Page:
There were several curse words, which being a Christian book, there shouldn't have been. The story line was well written but in parts in was so "fantasy, fiction" it really took away from the story in thy it could have gone in another direction. If this were simply mystery and drama without the unrealistic hooplah, it would have been good. The story ends without giving you a definitive direction of the main character. I wouldn't recommend.
I liked 30 AD, A child called Blessed and a Man called Blessed. But the cult like heavy twisting of scripture and continual emotional abuse in this book was TOO much for me. I couldn't wait for it to be over. No need to go on and on with the heavy dose of what living in a cult is like. Not a pleasurable read at all. Too upsetting.
I listen mostly to history, classic scifi, cozies, medical suspense and liberal arts Great Courses.
Yes, although I would warn anyone I recommended this to that there is a religious component. If they have a problem with that, I would add that it isn't an "in your face, become a Christian" kind of thing and that the writing quality is good enough that they really should try it. I am a Christian myself but I normally cannot stomach most Christian authors. They usually aren't stand-out writers and they usually make faith too simplistic. Ted Dekker is a good writer, up there with well known secular writers, at least, judging from this book.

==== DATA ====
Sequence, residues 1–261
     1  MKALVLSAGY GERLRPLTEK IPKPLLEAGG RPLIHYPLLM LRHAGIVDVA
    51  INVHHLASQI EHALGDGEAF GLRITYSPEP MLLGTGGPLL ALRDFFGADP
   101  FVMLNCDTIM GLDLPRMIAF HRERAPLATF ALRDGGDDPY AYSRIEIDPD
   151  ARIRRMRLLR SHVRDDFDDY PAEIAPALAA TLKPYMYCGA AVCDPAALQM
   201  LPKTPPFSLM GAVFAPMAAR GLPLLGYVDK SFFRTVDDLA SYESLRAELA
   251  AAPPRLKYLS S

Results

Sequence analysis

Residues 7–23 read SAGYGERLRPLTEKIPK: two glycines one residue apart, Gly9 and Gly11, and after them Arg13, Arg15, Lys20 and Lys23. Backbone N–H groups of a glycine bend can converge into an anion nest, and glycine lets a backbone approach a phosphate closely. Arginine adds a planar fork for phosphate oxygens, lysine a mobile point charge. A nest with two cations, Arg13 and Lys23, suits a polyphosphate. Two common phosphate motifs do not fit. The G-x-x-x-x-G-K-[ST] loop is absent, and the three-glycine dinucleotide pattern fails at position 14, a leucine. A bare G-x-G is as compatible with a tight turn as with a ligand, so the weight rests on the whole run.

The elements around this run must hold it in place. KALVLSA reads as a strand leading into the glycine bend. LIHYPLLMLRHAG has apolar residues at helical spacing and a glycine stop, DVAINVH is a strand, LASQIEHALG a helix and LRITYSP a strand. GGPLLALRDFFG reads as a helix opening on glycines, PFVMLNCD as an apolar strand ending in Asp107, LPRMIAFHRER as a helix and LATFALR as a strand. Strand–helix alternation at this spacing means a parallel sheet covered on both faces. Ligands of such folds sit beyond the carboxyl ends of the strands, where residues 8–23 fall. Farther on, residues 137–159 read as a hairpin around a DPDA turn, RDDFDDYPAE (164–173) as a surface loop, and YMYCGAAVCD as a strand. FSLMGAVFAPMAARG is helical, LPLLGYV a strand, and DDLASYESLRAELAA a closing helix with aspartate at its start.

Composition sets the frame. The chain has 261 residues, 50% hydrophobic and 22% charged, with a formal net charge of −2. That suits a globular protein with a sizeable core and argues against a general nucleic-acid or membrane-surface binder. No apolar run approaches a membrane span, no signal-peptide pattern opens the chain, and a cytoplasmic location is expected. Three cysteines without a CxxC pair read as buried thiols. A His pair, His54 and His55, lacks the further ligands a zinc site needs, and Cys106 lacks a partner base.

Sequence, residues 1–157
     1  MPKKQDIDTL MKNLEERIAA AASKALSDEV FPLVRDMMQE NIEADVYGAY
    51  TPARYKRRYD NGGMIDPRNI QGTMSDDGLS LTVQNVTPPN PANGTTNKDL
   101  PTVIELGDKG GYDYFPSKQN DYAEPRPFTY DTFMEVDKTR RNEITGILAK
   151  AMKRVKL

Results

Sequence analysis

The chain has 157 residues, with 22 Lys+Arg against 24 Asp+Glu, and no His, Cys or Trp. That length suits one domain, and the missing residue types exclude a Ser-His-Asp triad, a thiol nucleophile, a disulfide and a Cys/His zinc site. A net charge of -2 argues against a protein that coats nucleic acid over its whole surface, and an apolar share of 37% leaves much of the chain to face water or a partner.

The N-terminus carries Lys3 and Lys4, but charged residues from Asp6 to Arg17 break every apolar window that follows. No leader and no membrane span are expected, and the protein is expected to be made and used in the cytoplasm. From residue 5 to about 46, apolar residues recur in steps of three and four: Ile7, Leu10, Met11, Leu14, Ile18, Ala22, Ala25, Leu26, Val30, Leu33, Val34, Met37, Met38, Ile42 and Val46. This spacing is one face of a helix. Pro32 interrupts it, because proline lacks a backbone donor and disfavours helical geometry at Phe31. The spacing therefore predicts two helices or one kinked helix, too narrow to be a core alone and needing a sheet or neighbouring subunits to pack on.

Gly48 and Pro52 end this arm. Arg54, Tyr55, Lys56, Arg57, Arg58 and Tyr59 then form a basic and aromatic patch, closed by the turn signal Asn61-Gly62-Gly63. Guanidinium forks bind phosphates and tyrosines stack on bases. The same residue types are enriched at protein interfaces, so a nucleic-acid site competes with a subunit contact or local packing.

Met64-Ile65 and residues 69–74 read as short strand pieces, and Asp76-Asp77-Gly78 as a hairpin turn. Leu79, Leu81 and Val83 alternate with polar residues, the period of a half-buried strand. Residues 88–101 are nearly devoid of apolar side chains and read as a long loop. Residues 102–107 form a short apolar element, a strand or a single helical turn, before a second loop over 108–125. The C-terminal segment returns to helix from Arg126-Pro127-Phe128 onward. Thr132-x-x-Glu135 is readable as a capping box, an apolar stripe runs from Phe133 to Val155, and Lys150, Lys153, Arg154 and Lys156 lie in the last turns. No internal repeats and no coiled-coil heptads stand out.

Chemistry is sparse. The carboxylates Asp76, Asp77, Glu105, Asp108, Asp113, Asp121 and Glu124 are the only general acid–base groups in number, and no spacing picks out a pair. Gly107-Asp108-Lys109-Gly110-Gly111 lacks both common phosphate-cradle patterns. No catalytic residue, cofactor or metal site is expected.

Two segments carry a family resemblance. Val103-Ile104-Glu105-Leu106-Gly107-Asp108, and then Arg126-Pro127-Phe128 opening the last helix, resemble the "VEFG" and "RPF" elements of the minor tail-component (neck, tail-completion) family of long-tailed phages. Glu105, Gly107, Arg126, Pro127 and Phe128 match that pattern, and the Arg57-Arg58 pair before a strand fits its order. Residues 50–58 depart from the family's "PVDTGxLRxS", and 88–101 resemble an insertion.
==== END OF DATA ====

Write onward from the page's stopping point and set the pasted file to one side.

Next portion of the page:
Eden - she was and still is fascinating. I want to understand more of her background.
Ms Larson's narration was unusual but fit the book very well.
Water Walker seems to me the best title.
I listened to this because a friend's recommendation - she mistakenly told me that it was the first of the series, when it was actually the second. I plan to read or listen to the first one (Eyes Wide Open) next and I hope some things will become more clear - although I suspect this is a mysterious kind of book, anyway - a mixture of realism and faith (not that faith isn't real, too, imo, but I'm sure you understand what I mean).
I was shocked and haunted by the child abuse that took place all through the book.
Not sure, altho I have previously listened to many of his books.
I kept waiting for a happy moment, for a break in the sad cruelty, but it never came until late in the book. I am still haunted by the child abuse and twisting of Christianity. I know the characters were not true followers of the loving Christ because of their actions, but others may not be able to make the distinction. The ending did not make it clear to me.
I could not recommend this book.